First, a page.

Roasted Pumpkin Seeds
They taste just as good as I remember them. I haven’t had pumpkins seeds since I was a kid! My Mom always kept them when we would carve pumpkins and from what I remember, they never lasted very long. As in, we ate them all so quickly. Granted, I have five siblings and food in general never really lasted that long. Pumpkin seeds, sometimes identified as pepitas in the grocery store, are extremely good for you. The are high in iron, protein, and magnesium, but click on the link for the complete low-down of their nutritional benefits. And they are cheap! Well, cheap if you are willing to gut a pumpkin and subject yourself to the slime within. This is much easier if you have kids who will do it for you. As my children are under the age of five, and I was holding an expensive camera (ie slime free zone) it was my husband who assisted in the carving and scraping of our pumpkins. After we cleaned up the seeds and roasted them, my kids pounced on them as though we hadn’t fed them in days. Even my 18 month old was snitching them off the sheet pan on the counter. Now, you can shell pumpkins seeds, discarding the large outer shell in favor of the soft, smaller seed inside, but I honestly don’t know anyone who does that. Its tedious, a lot of work for not much gain, and in my opinion, unnecessary. If roasting your own pumpkin seeds is something you have never done I highly recommend it. You only get this chance once a year and its a great way to get involved with the spirit of the season. Hopefully, you won’t have to share with three brothers and two sisters. Roasted Pumpkin Seeds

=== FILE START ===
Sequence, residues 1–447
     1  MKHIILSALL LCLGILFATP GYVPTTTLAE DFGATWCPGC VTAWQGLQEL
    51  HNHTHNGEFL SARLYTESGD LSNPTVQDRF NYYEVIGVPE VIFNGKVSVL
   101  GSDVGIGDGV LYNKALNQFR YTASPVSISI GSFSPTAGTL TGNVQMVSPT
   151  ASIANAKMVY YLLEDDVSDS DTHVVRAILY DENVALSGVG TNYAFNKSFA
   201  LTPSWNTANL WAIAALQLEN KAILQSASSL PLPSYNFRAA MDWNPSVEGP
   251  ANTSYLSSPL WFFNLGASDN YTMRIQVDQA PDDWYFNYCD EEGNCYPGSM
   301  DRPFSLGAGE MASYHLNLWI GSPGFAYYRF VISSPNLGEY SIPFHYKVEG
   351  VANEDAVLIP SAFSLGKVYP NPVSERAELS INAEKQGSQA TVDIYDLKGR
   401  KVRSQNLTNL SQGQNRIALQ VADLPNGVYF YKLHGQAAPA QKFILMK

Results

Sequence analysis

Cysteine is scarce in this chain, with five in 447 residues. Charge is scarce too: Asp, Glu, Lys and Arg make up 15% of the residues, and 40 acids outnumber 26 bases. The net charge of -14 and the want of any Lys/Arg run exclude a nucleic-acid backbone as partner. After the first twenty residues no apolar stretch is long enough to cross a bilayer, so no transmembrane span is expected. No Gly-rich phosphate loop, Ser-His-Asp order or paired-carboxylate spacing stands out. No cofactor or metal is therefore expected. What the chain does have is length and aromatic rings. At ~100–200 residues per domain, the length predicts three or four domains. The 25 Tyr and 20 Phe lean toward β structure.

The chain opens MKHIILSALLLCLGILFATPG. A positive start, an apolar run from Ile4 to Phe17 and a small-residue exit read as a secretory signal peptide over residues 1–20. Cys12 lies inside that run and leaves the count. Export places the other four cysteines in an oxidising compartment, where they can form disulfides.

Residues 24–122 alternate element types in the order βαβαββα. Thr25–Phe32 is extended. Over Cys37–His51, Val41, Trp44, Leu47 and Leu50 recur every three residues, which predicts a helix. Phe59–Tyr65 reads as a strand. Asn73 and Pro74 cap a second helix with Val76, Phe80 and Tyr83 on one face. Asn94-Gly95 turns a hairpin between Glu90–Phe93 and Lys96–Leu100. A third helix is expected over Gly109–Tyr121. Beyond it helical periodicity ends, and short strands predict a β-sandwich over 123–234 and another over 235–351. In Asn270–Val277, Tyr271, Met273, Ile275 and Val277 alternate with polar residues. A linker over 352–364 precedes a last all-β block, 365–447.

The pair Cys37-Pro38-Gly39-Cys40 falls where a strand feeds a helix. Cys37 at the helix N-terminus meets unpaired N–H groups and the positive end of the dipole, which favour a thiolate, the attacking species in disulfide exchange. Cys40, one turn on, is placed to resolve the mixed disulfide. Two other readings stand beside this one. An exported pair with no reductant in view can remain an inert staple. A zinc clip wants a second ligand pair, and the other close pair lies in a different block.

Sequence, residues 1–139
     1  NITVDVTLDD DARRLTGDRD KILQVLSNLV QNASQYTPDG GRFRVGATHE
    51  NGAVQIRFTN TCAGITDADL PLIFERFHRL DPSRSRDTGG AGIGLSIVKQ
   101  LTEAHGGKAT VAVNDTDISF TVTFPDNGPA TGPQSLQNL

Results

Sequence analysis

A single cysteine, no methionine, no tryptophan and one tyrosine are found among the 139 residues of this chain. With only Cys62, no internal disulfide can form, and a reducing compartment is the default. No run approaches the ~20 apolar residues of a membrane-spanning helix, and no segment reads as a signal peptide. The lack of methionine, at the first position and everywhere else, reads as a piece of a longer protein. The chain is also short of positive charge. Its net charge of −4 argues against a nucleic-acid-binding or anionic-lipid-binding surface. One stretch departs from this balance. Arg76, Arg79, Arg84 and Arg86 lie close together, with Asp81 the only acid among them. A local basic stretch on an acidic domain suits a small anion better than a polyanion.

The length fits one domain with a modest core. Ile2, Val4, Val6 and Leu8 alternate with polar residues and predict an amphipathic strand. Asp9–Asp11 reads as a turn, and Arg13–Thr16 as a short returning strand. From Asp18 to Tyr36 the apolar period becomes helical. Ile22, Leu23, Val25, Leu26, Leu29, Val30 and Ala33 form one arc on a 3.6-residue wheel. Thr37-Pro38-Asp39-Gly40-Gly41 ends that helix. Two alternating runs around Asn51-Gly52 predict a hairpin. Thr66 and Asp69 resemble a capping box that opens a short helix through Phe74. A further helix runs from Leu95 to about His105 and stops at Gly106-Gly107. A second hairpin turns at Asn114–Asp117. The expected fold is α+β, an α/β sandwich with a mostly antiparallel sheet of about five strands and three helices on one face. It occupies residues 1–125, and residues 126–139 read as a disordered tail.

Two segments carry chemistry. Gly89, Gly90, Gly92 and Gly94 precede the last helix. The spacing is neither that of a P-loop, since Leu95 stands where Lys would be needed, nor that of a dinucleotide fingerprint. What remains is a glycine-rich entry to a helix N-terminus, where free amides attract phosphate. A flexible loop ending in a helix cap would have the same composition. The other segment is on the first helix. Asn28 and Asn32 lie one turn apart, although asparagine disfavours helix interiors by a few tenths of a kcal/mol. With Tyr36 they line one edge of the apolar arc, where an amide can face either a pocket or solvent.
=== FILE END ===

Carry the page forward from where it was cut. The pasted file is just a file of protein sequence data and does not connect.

Once you have removed the seeds from the pumpkin, rinse thoroughly in warm water, taking care to separate the seeds from the stringy orange membrane. They do not need to be spotless. Any pumpkin piece left on the seeds will just add flavor, but I personally like them pretty clean. Mix the seeds with a few drizzles of olive oil, just to lightly coat them. Sprinkle with salt and pepper, and spread in an even layer on a metal baking sheet. Roast at 325 for 10 minutes, toss with a spatula, and roast for another 10 minutes. Let them go a little longer if you like them really toasted. Once cool, them will last for a few days, tightly sealed on the counter, a few weeks in the fridge, or a few months in the freezer.
Variation: Use season salt instead of salt and pepper. Use a bit of cayenne and cumin if you like them spicy. Use cinnamon and cloves if you want them a bit sweet. These are great tossed in with granola or trail mix.